Brian Allee-Walsh

Zurich Classic features several potential Olympic golfers

The year is 1904.

Republican incumbent Theodore Roosevelt defeated Democrat Alton B. Parker to remain president of the United States, Henry Ford set a new land speed record of 91.37 mph, Cy Young threw the first perfect game in the modern era of baseball and Canadian George Lyon and Team USA won gold medals in golf in the third modern day Summer Olympics as part of the St. Louis World's Fair.

After a 112-year hiatus, golf will reappear at the Summer Olympics with men's (Aug. 11-14) and women's (Aug. 18-21) stroke play being conducted over 72 holes at the new Gil Hanse-designed Olympic Golf Course cut out of a nature reserve in western Rio de Janeiro, Brazil.

Think about it: one hundred and 12 flippin' years ago -- a lifetime and a half for many. That said, several world renowned players from the PGA Tour have decided not to represent their countries on this historic occasion.

They are Adam Scott (Australia), Charl Schwartzel (South Africa), Louis Oosthuizen (South Africa) and Vijay Singh (Fiji). That number could grow before the qualification deadline expires July 11. They cite their busy summer schedules and health concerns as reasons to skip.

I'll give Singh a pass. His concerns are with the deadly Zika virus. Scott, Schwartzel and Oosthuizen have decided to bypass the Summer Olympics because of scheduling conflicts or other undisclosed reasons. To each his own. But we're talking about the the Olympics here, a once-in-a-lifetime experience, a chance to compete for Olympic Gold. That opportunity may never pass their way again.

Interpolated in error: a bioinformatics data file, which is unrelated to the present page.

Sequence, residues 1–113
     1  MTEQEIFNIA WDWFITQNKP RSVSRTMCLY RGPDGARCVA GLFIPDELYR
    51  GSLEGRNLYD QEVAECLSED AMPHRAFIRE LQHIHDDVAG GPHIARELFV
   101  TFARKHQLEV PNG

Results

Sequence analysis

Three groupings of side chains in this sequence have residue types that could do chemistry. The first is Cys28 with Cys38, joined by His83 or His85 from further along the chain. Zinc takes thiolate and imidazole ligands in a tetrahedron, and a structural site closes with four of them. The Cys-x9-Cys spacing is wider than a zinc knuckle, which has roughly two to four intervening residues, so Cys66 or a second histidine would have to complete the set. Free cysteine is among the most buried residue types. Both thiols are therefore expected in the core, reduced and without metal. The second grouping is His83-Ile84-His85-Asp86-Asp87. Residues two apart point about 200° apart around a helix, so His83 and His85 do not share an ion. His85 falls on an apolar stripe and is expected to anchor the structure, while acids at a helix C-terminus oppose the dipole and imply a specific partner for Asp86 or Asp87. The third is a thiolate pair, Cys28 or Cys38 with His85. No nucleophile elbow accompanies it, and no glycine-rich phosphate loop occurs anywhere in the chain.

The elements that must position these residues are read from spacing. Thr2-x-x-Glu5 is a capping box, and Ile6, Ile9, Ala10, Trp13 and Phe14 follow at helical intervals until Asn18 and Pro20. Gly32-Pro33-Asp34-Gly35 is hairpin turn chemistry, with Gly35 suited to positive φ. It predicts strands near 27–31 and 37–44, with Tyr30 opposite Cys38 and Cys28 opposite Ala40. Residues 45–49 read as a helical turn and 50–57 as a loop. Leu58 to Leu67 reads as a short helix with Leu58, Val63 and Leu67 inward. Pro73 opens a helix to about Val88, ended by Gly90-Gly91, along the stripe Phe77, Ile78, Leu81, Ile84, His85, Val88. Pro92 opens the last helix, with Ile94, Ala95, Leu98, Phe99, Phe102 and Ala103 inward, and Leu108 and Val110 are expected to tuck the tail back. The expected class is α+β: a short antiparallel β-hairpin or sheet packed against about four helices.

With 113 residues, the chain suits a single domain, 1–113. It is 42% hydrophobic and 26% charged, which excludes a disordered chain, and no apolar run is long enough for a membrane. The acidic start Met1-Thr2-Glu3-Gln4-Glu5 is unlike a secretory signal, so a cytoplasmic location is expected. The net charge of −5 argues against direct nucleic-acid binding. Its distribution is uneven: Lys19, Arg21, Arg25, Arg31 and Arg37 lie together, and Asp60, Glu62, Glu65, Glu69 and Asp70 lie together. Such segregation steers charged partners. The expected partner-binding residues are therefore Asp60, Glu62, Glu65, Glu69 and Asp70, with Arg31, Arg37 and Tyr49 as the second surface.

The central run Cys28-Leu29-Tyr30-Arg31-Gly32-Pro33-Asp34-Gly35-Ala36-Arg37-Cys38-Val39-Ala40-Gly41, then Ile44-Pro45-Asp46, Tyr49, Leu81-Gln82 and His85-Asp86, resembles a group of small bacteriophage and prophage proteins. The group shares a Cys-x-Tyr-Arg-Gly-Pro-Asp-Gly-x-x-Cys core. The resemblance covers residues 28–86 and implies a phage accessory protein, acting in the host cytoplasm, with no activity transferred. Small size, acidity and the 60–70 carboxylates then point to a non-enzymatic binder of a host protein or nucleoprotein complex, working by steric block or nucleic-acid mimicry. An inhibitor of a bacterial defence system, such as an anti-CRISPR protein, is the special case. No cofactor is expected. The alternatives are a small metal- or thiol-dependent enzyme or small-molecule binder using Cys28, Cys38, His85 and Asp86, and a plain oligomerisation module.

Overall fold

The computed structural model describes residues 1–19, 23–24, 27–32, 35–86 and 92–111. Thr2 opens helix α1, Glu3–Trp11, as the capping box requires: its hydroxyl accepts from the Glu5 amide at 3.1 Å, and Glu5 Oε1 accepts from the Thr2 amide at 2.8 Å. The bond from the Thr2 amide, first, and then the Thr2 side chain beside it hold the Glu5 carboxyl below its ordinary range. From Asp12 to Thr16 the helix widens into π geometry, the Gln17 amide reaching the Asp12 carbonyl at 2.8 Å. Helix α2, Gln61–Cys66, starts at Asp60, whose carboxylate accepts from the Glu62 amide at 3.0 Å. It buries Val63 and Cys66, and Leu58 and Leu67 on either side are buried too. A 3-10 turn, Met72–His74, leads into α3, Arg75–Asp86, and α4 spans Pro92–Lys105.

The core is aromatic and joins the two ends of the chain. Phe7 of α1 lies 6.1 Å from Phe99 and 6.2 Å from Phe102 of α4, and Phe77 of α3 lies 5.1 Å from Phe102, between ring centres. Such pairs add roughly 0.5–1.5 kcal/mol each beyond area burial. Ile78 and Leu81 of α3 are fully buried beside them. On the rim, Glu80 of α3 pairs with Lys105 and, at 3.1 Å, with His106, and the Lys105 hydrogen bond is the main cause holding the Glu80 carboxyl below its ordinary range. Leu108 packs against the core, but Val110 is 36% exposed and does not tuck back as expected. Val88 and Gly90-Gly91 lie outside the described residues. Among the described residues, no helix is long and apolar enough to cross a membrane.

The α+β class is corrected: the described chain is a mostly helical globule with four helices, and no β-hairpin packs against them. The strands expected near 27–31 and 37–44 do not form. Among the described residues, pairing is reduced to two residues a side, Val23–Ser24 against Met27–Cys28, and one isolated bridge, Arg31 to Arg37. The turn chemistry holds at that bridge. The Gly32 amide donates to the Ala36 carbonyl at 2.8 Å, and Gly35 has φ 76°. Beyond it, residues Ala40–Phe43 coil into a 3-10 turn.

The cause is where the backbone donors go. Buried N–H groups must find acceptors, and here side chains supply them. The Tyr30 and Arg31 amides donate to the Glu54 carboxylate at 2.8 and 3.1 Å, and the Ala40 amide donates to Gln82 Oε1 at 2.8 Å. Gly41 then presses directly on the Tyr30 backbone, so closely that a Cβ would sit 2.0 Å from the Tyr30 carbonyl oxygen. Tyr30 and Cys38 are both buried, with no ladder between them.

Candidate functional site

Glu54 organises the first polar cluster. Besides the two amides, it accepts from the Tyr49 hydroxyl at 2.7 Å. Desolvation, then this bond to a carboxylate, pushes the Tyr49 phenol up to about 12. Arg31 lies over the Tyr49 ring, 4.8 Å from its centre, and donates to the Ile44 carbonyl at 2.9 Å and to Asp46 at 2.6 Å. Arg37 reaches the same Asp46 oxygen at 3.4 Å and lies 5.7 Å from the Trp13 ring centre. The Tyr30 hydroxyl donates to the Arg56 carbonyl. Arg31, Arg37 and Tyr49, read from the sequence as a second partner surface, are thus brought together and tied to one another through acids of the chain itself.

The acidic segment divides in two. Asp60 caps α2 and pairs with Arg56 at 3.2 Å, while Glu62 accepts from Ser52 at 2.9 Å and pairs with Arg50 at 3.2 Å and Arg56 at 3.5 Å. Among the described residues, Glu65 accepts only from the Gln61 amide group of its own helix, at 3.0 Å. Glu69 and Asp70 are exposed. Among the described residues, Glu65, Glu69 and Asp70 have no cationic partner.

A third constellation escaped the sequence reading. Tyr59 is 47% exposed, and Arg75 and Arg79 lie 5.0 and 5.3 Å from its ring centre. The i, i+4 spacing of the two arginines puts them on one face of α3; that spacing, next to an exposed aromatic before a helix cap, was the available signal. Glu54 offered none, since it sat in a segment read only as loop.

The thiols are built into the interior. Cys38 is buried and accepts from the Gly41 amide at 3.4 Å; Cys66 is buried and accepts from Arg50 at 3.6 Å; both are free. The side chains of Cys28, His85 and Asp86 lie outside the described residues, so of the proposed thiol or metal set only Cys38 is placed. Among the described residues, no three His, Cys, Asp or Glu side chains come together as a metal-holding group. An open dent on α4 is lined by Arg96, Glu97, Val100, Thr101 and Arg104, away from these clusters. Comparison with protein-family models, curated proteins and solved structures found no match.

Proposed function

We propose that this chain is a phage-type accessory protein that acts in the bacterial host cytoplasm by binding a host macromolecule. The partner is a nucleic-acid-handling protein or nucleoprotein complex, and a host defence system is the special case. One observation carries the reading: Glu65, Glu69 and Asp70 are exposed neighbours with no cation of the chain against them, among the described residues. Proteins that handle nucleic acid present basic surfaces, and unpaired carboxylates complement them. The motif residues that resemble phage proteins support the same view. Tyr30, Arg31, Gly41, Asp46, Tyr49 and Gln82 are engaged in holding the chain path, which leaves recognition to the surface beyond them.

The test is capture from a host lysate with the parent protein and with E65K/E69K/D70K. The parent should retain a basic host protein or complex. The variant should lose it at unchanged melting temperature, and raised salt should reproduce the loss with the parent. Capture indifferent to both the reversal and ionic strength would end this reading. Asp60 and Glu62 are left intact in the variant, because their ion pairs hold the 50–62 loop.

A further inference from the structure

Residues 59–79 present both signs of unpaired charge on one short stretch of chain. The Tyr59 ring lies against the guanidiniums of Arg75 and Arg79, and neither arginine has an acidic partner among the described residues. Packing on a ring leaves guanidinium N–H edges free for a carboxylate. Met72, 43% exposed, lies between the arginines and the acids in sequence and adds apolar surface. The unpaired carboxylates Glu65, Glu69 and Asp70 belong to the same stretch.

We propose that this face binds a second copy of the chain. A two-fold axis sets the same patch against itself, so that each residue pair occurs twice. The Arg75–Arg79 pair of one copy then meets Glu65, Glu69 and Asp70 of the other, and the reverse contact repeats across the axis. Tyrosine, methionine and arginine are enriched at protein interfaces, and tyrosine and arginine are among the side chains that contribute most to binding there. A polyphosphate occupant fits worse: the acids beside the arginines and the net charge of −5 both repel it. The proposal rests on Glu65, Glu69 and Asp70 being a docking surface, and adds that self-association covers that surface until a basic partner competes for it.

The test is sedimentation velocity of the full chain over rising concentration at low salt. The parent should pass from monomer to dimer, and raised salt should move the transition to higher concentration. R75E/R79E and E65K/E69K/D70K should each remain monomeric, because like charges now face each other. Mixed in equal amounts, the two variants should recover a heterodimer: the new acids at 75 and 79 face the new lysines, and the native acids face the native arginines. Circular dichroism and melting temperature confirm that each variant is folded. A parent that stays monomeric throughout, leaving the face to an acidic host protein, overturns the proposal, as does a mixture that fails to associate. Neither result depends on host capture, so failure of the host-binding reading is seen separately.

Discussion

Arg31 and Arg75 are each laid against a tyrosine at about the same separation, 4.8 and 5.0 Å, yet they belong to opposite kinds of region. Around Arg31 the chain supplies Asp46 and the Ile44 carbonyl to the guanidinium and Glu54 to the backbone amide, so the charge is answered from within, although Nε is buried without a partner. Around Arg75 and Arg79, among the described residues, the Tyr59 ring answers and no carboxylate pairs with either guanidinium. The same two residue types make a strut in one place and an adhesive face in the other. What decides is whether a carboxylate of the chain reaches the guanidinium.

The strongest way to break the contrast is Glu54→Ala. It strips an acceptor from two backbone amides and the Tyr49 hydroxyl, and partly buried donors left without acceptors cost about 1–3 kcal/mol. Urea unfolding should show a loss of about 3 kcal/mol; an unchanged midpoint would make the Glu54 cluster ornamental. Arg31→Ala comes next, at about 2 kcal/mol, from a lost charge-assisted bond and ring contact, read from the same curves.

Hall of Famer Gary Player said it best: "I would have given anything to play in the Olympics. South Africa had a great team, but not now. Obviously, it will not be as as good.''

I focus on the Summer Olympics because of this week's Zurich Classic of New Orleans at TPC Louisiana where 11 potential players are in the field of 156: Alex Cejka (Germany), Jason Day (Australia), Brendon de Jonge (Zimbabwe), Rickie Fowler (U.S.), David Hearn (Canada), Anirban Lahiri (India), Danny Lee (New Zealand), Marc Leishman (Australia), Carlos Ortiz (Mexico), Justin Rose (Great Britain) and Jhonattan Vegas (Venezuela).

To date, no U.S. golfer has withdrawn from consideration. At the moment the U.S.A. men (based on Official World Golf Rankings) would be Jordan Spieth (No. 2), Bubba Watson (No. 4), Rickie Fowler (No. 5) and Dustin Johnson (No. 8). The U.S.A. women would be Lexi Thompson (No. 3), Stacy Lewis (No. 4), Christie Kerr (No. 16) and Gerina Piller (No. 20).

Day (No. 1, OGWR), Fowler and Rose (No. 10, OGWR) are assured of playing in the Summer Olympics based on their current world rankings. Each gladly embraces the idea of fitting the Olympics within their "busy'' pursuit of major glory at the upcoming U.S. Open, British Open and PGA Championship later this summer.

"It's going to be something that stands apart,'' Rose said of the Olympic experience. "We are judged by how many majors (we win) and world rankings, etc. I think this is something that's going to stand apart from all of that. I think it's going to be a very nice cherry on top.''

"If I have the chance to go down there and play for Team USA and walk in the opening ceremonies and to be a part of the Olympics, it would be pretty special,'' Fowler said.

"For me,'' Day said, "it would be a really, really fantastic honor to be able to win a gold medal or any medal in the Olympics ... To be able to represent your country is a unique and massive honor for a person.''

If 1904 Gold Medalist George Lyon of Canada were alive, he'd probably agree.

Brian Allee-Walsh, is a longtime Saints reporter based in New Orleans. He can be reached at sports@sunherald.com.

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